Malaria claims over 2 lakh lives each year

The new figures, arrived at through a method called ‘verbal autopsy’, put the annual malarial deaths in India at 2,05,000, out of which 120,000 are aged between 15 and 69, and more than 80,000 are children.

As much as 90 per cent of the deaths occur in rural areas and 86 per cent within the confines of homes and outside of medical care. If detected in time, most of these deaths — occurring mainly in Orissa, Chhattisgarh, Jharkhand, Assam and other eastern pockets — can be averted.

The researchers actually provide a range with a lower (125,000) and upper estimate (277,000) of the death count. Going by the figures, even the lower estimate is 13 times more than the WHO numbers. “The WHO estimates of malaria deaths in India are likely to be serious underestimates. It should be reconsidered as it could substantially change the disease control strategies,” they reported in the prestigious medical journal “The Lancet” on Thursday.

But within hours, the WHO retorted saying it has “serious doubts” on the estimate and methods used to derive it and the findings could not be accepted without further validation.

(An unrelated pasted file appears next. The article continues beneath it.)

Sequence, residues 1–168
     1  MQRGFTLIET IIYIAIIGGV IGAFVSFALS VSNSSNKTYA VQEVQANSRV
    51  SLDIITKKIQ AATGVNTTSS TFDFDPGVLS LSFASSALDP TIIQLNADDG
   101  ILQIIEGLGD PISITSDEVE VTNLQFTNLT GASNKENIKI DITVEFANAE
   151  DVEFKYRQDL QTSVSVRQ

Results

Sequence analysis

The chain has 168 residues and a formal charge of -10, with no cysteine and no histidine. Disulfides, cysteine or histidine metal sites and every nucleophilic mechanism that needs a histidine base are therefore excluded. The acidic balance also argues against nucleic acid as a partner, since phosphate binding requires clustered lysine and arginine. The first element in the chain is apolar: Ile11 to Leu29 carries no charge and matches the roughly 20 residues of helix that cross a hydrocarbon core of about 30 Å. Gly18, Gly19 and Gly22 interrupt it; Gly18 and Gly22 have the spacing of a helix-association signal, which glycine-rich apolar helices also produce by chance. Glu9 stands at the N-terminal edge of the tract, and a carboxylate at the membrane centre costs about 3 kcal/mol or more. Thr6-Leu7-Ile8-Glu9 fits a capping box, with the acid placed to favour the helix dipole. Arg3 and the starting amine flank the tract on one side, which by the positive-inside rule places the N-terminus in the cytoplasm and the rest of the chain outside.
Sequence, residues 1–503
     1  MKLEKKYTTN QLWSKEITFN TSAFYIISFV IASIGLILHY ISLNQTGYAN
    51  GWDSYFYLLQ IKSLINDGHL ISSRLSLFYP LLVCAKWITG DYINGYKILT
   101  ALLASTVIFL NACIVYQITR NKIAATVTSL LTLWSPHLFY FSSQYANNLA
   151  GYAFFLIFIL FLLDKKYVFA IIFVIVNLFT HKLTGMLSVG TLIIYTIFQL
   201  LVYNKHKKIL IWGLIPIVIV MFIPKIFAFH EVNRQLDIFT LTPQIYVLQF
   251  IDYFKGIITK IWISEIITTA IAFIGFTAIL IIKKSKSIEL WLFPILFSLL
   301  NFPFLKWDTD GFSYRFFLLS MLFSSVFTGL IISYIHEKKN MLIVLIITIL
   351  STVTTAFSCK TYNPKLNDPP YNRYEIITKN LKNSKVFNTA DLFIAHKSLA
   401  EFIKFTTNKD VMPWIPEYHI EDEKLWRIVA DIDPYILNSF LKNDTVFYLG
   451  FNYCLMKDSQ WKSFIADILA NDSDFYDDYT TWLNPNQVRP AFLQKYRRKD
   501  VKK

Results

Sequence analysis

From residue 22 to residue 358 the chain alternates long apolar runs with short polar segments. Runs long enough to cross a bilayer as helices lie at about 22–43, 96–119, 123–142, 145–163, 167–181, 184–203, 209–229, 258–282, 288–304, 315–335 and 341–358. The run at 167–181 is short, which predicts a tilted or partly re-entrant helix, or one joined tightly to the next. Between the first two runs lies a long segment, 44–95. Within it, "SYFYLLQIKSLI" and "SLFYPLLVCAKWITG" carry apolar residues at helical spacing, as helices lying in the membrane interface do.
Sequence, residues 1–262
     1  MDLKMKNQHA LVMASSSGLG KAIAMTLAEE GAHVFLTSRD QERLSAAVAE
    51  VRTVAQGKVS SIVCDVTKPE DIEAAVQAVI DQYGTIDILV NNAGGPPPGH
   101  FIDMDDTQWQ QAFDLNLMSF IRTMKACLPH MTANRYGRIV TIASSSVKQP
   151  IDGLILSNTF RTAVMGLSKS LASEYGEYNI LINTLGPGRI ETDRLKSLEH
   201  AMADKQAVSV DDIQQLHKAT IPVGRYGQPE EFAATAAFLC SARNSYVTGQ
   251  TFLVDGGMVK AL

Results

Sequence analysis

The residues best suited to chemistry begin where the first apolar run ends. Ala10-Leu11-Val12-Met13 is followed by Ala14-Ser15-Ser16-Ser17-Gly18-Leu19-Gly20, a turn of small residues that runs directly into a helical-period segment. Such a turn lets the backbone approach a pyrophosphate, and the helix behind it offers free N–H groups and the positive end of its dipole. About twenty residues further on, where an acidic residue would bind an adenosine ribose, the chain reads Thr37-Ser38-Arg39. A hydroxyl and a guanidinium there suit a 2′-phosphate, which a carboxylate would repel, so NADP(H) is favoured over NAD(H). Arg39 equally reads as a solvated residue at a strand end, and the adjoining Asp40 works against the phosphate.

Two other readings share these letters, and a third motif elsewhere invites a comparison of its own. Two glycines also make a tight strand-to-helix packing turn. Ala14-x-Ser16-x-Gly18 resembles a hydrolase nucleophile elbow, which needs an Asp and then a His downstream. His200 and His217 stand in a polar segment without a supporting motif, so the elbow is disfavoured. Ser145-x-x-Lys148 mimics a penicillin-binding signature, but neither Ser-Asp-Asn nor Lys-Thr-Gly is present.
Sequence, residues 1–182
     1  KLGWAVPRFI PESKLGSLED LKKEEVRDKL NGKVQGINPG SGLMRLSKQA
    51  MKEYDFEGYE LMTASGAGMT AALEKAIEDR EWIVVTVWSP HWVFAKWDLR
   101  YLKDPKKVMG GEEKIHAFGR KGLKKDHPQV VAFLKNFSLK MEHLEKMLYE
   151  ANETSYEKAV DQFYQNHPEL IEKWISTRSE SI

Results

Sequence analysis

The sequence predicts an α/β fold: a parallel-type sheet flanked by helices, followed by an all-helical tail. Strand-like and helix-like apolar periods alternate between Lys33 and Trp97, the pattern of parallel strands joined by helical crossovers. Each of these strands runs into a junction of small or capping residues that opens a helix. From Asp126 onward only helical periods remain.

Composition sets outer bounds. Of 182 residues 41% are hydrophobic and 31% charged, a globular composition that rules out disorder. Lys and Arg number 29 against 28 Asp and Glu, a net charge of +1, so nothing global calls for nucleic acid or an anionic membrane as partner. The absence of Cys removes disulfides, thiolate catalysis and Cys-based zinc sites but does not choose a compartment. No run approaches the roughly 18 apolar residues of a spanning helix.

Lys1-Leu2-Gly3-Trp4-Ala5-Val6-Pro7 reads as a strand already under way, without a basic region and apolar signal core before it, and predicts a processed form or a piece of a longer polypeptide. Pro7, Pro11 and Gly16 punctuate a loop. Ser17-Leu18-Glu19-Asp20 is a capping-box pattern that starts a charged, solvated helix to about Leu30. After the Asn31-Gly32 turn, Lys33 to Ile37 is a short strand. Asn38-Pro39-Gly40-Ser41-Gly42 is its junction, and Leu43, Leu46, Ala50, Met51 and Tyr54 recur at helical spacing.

While the national malaria programme detects only about 1,000 deaths out of those who go to the hospital, the WHO estimates that malaria causes only about 15,000 deaths every year in India — 5,000 children and 10,000 adults. Both estimates have their limitations.

The public health researchers, led by Prabhat Jha from the University of Toronto, used a different method. Since most deaths in rural India happen at homes and outside medical attention, they used “verbal autopsy” in which trained government interviewers visited randomly selected homes in 6,671 localities accounting for 122,000 deaths between 2001-2003.

The data collected by this “million death study” undertaken by the Registrar General of India (RGI) was analysed — first by the RGI doctors and secondly by Jha and his team — to show malaria kills 13 times more people than was estimated by the WHO, the researchers said. “If you don’t know where the fire is, you don’t try to put it out. Our data shows one malaria death in every three minutes. The method (verbal autopsy) is by no means perfect, but it is pretty good as a public health tool,” Jha said.
“There is increasing evidence that the scale of the problem has been greatly underestimated. The study gives the WHO and the Indian authorities a pause for thought,” said three independent scientists from the University of Oxford, in a comment in the same issue.

Asked about the WHO criticism of the method, Jha told the Deccan Herald: “The reality is that for poor, often rural populations, verbal autopsy, for all its shortcomings, remains the only practical option for measuring levels and trends in specific causes.”

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